What consumers say about not buying Chevy Volt, GM listens
Earlier this month GM said it is on truck to meet the target of selling 10,000 Chevy Volts by the end of 2011. By August GM had sold 3500 Volts. This means the company needs to sell 1,700 Chevy electric cars by December 31 to meet its 2011 target.
Yet, apparently there are some serious hurdle that prevent people from buying more Chevrolet Volt models. Some of them are subjective others are objective. What is encouraging is that GM is very serious about learning what they are since the company has asked its followers on Facebook, it's a sign that GM wants to address them in the coming weeks and months.
The reason is the survey by Trend Tracker which found that people are not considering an all-electric vehicle for their next purchase. A year or so ago many people wanted electric cars to lower the amount of money the spent on gasoline. Now the society kind of got cozy with the existing average gas prices and its members' priorities have changed, the Trend Tracker survey shows. "With interviews taking place face-to-face in their homes 42% of those surveyed said they want to choose a car that lowers their personal emissions. Sixteen percent agreed strongly with this proposition, while 25% neither agreed nor disagreed, 14% disagreed, and 3% disagreed strongly," the survey shows.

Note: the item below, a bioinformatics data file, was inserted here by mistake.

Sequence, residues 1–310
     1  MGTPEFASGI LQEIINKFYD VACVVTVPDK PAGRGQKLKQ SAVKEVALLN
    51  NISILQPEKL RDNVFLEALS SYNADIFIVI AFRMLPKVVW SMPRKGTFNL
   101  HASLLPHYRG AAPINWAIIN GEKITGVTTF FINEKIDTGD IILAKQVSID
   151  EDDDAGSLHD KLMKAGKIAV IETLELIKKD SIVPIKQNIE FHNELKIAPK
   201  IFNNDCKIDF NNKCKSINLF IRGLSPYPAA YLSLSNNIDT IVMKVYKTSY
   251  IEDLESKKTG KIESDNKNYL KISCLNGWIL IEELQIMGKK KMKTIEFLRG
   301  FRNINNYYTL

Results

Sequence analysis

Thus, who or what killed electric cars?
Chevy's desire to want to know why people are not considering electric cars for their next vehicle purchase is commendable. The company spent many millions and has committed thousands of workers to developing Chevy Volt and we all need to find out the objective and subjective reasons of EVs' marketing failure.
Here are some interesting comments from Chevy Volt's Facebook followers.
"People are conditioned now to a tolerance of paying $3-4.00 a gallon. The shock of $60 at the pump is gone. If gas jumped to $5.00/gallon, Volts would move like crazy," writes Larry Bisagni. Dance Jacobs brings up the issues of battery power, replenishing time and the cargo. "Volt is a good idea, when the price comes down a little it will more viable for more people. The Leaf is a joke, it gets about the same efficiency as gasoline and the hundred mile range is a joke too. It depends in your speed, temperature, cargo. You are lucky to get 60 miles out of a charge. Whatever nanotech will change things eventually."
Other responders bring up the cost of the car, the ratio of the cost of pumping gas vs replenishing battery and the time of replenishing it. "Battery power isn't as fast to replenish as gasoline... why don't they use solar ponels to charge the battery or something similar to help.. also, electric bills increase more so than gasoline costs," writes Robert Mitchell.